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The Brief: Texans focused on cleanup, housing and health in wake of Harvey

Texas voters are pretty content with how all levels of government responded to Hurricane Harvey, per the latest University of Texas/Texas Tribune poll.

One of three approved debris removal sites in Port Arthur, where some residents have raised concerns about the city’s plan...

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What you need to know

Texas voters are pretty content with how all levels of government responded to Hurricane Harvey, per the latest University of Texas/Texas Tribune poll. Here's what you need to know

• Safety first. Twenty-eight percent of Texas voters ranked debris cleanup and removal as the most important post-Harvey problem, while 26 percent said housing was the No. 1 issue for them after the storm. Public health and environmental contamination were ranked third and fourth, respectively. Other items, such as unemployment, transportation and public education are extremely or somewhat important to voters — but the priority across the board was making sure everyone is okay first. 

• "Texans love how Texans did," as Jim Henson, co-director of the UT/TT poll and head of the Texas Politics Project at the University of Texas at Austin, puts it. Whether it was boat owners rescuing Harvey victims or rescue teams from around the state traveling to southeast Texas to help, 86 percent applauded the response of Texans after historic amounts of rainfall devastated swaths of the state. 

• Texas voters liked how the government responded to the storm. Large majorities thought highly of local and state governments' actions, while 57 percent of voters said they approved of the feds' response. But the high approval ratings for state and local government come at a time of some rift between those institutions — just look at this year's legislative sessions and the fights that ensued over local versus state control. 

Now, your take

What do you think is the most important post-Harvey problem? Tell us with #MyTexasTake on Twitter and Facebook. 

Other stories we're watching today:

• U.S. Attorney General Jeff Sessions is in Austin this morning to speak about President Donald Trump's immigration priorities. Follow Texas Tribune reporter Julián Aguilar for updates. 

• It's the second day of the Texas Federation of Republican Women's conference in Dallas. Patrick Svitek is your go-to for updates.

• A federal judge ruled earlier this week that a pregnant and undocumented immigrant could have access to an abortion, but that ruling is now up in the air and today a federal court in D.C. will hear the Trump administration's attempt to block it. Claire Allbright will be there.

• The Texas Criminal Justice Coalition is holding a news conference this morning to call for juvenile justice reform in the state. Jolie McCullough will be live-tweeting.

Tribune today

• Texas A&M University-Commerce offers a degree that can be completed for less than $10,000. So why doesn't it want freshmen to sign up?

• Environmentalists and free-market advocates are criticizing U.S. Energy Secretary Rick Perry's proposal to prop up coal and nuclear plants across the country. Some familiar with Texas politics wonder if Perry also would have opposed it when he was governor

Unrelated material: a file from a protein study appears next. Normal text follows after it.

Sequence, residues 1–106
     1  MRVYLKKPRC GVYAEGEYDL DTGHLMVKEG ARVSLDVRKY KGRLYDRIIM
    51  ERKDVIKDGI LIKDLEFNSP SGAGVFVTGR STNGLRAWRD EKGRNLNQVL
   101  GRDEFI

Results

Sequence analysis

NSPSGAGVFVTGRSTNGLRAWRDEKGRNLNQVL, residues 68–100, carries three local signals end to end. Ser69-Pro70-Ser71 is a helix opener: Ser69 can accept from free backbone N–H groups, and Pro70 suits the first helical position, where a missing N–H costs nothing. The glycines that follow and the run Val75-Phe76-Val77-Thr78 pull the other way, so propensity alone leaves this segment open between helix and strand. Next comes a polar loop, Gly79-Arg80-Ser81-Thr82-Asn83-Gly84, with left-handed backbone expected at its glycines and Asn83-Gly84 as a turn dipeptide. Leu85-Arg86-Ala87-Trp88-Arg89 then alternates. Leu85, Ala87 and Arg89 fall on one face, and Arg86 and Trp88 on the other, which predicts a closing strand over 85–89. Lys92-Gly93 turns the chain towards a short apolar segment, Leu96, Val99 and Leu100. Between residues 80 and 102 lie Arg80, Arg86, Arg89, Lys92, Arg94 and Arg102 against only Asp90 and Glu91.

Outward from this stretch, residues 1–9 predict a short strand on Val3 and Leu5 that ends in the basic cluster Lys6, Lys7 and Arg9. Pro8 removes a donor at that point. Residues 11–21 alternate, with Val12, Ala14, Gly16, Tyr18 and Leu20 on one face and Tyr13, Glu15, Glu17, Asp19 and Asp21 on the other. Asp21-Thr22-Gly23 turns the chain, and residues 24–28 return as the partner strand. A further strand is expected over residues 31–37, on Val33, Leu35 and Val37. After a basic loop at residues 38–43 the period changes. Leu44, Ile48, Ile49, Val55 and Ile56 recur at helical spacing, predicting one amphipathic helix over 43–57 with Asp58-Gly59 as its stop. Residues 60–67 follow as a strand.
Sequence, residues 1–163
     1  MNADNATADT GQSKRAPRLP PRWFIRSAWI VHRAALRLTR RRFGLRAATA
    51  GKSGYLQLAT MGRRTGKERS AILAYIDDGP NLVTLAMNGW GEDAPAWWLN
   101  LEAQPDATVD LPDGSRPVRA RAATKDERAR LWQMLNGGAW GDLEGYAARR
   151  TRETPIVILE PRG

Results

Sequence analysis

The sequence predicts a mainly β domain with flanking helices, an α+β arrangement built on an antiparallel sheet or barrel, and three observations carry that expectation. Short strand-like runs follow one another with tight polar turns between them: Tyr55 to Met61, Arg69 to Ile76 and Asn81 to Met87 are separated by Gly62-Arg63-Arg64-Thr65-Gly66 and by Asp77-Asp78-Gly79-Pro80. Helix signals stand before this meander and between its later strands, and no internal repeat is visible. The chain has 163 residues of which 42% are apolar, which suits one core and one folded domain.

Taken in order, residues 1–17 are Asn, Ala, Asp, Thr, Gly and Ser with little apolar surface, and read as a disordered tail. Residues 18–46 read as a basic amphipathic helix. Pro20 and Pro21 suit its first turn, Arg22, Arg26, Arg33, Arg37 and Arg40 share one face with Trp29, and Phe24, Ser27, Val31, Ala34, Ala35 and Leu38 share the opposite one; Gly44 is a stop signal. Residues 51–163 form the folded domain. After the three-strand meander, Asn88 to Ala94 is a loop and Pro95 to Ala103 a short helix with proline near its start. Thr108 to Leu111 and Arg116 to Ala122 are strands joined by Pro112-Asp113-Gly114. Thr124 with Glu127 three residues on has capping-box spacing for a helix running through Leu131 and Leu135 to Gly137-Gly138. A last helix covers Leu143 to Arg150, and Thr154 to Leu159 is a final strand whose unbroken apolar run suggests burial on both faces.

• After Hurricane Harvey ruined their homes, some — but not all — in southeast Texas could see a break in their property taxes. The gap has reignited intra-GOP tensions over disaster-related property tax re-assessments. 

• U.S. Sen. John Cornyn says more aid for Texans affected by Harvey is coming in November. 

• The head of the Federal Bank of Dallas undercut Trump's NAFTA strategy in a speech to business leaders. 

• Ruth Simmons is poised to become Prairie View A&M University's next permanent president.  

• U.S. Rep. Eddie Bernice Johnson, D-Dallas, on Thursday walked back controversial comments she made a day earlier saying women can invite sexual assault. 

Pencil us in

Join us in The Woodlands for a conversation with state Sen. Brandon Creighton, R-Conroe, and state Rep. Tom Oliverson, R-Cypress, on Oct. 23. 

What we're reading

• Are Republicans in Congress making progress on tax reform? The Senate pushed the ball forward on that Thursday. (Associated Press) 

• Proposals to soften marijuana laws have stalled at the Legislature, so reform is starting to take root at the local level. (Texas Observer) 

• The city of Dickinson threw a clause into its contract for Harvey relief that stipulates grant recipients can't boycott Israel. The ACLU says that's unconstitutional. (The Houston Chronicle $)

• Former President George W. Bush thinks civility has declined in the United States. He also condemns bullying and bigotry in the Trump era. (The Dallas Morning News $)

• The Hutto Economic Development Corporation is under criminal investigation. It's unclear exactly why, but they recently sold option rights to a megasite and then bought them back for $275,000 — at taxpayer expense. (The Austin American-Statesman $)

Photo of the day

 

Attendees listen to speakers at the Texas Federation of Republican Women Convention in Dallas on Oct. 19, 2017. Photo by Laura Buckman for The Texas Tribune. See more photos on our Instagram account

Quote to note

"More likely, if your job is being disrupted it’s because of technology."

Robert Kaplan, president and CEO of the Federal Reserve Bank of Dallas, in a speech Thursday to members of the Texas Business Leadership Council

Feedback? Questions? Email us at thebrief@texastribune.org. As always, thanks for choosing The Brief — if you liked what you read today, become a member or make a donation here

Disclosure: The University of Texas at Austin has been a financial supporter of The Texas Tribune. A complete list of Tribune donors and sponsors is available here.

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